[ExI] what would you do?
john at ziaspace.com
Wed Oct 11 16:28:03 UTC 2023
> OK fair enough.
> John do you have any ideas regarding that park in San Jose with the
> walking trail that goes along the creek? The best I could think of was
> put up a chain link fence along that creek to separate the encampment
> from the park. That might be the ideal situation, because the homeless
> who live along that creek are not actually hurting anything there, and
> the city is likely to let them stay, so long as they don't commit random
> violence against the pedestrians in the park.
Information is good.
Getting a fence put up in a park is one of those things that could be as
simple as asking the right parks person or could just as easily be one of
those Kafka-esque never ending nightmares of bureaucracy, so I'd write a
letter and send it to people who might be in a position to do something,
but I'd assume it might never happen and wouldn't put much time in to it
> I still don't know how we should deal with that refurbished park map the
> scout made which shows the trail down along the creek and no indication
> there is danger in walking there.
For the map, I'd recommend contacting a printing place or two and pricing
some pre-printed Post-it pads with a small segment of the map showing the
encampment with some notes telling people about it. I'd deliberately not
use language intended to scare, but intended to inform. Some people will
use that information to avoid the area, and others will use that in
positive ways, like offering food, clothing, services.
We have a tendency in this country to accept problems framed in ridiculous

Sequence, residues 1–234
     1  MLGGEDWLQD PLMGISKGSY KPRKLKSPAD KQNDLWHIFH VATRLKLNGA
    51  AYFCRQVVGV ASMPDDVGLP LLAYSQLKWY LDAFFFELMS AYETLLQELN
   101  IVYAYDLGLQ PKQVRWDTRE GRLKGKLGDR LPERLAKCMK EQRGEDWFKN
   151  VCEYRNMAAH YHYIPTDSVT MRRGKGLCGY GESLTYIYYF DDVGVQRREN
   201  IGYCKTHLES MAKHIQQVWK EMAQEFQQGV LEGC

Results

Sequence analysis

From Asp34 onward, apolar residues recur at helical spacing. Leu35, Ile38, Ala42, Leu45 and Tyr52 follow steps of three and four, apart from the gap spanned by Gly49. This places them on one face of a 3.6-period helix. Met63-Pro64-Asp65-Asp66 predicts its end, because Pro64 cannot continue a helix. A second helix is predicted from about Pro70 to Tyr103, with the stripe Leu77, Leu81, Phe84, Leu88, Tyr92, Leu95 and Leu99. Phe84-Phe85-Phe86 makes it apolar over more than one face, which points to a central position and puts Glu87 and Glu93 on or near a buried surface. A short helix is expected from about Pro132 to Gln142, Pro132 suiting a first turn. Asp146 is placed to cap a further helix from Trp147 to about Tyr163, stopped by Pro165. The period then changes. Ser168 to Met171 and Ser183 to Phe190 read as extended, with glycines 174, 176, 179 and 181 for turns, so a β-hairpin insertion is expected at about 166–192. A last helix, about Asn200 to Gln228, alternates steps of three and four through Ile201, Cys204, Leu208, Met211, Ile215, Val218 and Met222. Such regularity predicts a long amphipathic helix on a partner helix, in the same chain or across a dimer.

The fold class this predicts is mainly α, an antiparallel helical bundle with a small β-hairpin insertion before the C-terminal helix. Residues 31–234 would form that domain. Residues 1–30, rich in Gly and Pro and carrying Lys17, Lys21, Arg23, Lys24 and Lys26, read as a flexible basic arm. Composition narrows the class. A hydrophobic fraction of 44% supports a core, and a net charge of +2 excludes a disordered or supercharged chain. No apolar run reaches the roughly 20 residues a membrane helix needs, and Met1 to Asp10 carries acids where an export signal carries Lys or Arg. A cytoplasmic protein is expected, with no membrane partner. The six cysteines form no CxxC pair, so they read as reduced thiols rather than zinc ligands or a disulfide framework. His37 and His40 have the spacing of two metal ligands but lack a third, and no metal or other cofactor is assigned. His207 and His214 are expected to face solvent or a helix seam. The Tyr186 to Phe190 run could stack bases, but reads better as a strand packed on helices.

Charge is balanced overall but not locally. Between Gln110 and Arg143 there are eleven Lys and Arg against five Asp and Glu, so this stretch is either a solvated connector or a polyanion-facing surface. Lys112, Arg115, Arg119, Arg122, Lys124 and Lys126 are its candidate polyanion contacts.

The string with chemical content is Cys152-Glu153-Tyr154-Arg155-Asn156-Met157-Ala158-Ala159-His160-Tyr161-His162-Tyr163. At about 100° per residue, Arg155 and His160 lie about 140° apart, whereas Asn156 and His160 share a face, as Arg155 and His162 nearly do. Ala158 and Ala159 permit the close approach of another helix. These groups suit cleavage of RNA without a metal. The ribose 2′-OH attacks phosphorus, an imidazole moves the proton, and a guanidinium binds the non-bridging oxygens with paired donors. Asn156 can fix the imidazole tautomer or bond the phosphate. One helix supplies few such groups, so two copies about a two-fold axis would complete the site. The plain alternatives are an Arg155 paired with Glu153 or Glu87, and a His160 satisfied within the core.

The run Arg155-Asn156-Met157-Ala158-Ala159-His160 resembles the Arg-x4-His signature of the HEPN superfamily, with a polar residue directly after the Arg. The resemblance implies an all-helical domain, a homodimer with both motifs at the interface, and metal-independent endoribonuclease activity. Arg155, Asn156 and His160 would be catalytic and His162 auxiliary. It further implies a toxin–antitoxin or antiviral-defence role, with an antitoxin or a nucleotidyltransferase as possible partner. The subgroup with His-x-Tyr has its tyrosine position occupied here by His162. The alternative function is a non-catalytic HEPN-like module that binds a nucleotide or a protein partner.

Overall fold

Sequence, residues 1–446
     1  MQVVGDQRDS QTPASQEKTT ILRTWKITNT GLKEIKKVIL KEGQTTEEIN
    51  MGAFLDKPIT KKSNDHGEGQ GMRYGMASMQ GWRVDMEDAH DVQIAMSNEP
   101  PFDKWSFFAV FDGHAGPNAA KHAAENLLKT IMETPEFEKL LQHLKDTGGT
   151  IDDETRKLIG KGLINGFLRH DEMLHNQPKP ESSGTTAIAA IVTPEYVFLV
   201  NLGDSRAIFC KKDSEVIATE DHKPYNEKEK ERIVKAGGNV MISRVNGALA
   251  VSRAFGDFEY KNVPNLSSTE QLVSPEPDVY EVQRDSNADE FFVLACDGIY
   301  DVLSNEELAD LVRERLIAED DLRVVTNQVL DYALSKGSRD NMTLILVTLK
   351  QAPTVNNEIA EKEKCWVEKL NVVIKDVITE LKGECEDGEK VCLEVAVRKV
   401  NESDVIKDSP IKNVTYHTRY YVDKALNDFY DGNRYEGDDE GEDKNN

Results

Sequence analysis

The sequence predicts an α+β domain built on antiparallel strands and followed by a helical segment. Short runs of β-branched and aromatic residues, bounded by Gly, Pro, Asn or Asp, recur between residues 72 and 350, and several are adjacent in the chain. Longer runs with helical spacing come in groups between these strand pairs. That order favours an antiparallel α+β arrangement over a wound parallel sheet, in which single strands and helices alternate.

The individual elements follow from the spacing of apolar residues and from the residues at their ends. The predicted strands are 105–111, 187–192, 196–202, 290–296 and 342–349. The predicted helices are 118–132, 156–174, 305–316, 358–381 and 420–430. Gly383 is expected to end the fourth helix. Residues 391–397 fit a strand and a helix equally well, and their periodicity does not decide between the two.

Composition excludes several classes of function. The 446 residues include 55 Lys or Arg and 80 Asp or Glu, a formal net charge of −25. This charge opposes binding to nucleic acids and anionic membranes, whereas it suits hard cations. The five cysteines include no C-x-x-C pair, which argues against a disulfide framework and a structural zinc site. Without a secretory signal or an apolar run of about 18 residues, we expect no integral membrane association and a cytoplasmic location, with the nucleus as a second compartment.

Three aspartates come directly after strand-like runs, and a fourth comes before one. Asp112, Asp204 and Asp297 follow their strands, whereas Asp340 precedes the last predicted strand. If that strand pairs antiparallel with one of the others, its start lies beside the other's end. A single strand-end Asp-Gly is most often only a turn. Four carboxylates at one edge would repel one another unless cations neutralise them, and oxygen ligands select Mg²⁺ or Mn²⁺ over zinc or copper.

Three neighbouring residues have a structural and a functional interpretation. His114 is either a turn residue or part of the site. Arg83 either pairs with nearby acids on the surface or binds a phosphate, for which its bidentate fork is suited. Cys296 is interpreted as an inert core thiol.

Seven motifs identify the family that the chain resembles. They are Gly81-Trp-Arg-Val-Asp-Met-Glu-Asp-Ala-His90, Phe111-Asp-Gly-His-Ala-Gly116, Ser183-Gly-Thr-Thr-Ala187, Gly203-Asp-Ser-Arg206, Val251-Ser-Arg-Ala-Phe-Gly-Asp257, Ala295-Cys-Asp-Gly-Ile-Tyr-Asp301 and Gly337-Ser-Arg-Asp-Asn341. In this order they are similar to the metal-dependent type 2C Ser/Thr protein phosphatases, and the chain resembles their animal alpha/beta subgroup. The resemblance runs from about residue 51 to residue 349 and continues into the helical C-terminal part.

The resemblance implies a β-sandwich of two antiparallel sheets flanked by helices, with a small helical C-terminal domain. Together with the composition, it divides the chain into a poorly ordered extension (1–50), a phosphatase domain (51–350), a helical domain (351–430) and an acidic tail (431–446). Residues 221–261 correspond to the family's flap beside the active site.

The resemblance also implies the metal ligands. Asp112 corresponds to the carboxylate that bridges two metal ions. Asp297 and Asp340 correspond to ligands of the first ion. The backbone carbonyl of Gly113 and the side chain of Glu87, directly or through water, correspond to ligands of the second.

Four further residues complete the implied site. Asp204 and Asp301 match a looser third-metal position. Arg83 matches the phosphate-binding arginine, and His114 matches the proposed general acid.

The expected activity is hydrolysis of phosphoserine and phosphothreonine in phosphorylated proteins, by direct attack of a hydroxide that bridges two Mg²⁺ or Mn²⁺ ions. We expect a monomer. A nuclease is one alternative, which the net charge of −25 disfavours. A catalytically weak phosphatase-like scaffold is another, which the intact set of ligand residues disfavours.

ways. For instance, people will tell you that a hospital has to charge
$10,000 a night for an emergency room visit because of a wild assortment
of assumptions that really should be questioned: How will they pay for
"insurance"? How will they pay for administration? How will they pay for
their investment in multimillion dollar MRI scanners and such?
It's a game, because every uninsured person who stays overnight during an
emergency room visit means a $10k writeoff for the hospital.
In reality, we can change those underlying assumptions: change the laws
about liability to discourage abuse of litigation, limit administration so
it isn't literally a third of our costs, disincentivize extortion
level pricing and incentivize return on investment by actually using a
thing. This is why it's possible to go to Mexico and get an MRI for less
than it'd cost you to get dental x-rays here in the US.
How does that apply to homelessness? Let's look at assumptions: One of the
biggest is that if we simply offer homes to homeless, it will cost too
much. That, of course, assumes the government has to pay fair market
value, has to pay property taxes, et cetera, which, when one thinks about
it, is pretty stupid.
Finland's ability to offer homes to homeless isn't based on some radically
different market. It's based on the idea that Finns consider people,
including homeless people, humans, and they treat people as humans. They
don't seek to punish people, they don't seek to stigmatize social
services, and they don't seek to make providing services a profit center
for people who already have too much money.
We can't do that in the United States because most of us don't see
homeless as people. You can interview people in the street who'd be more
than happy to see homeless be put on some random train to who-knows-where
rather than keep them where they are. There are other times in history
when people were offered the choice to keep people around or have them
stuck on trains and carted off elsewhere, and guess what people chose?
We won't fix homelessness by trying to make a profit off of them.
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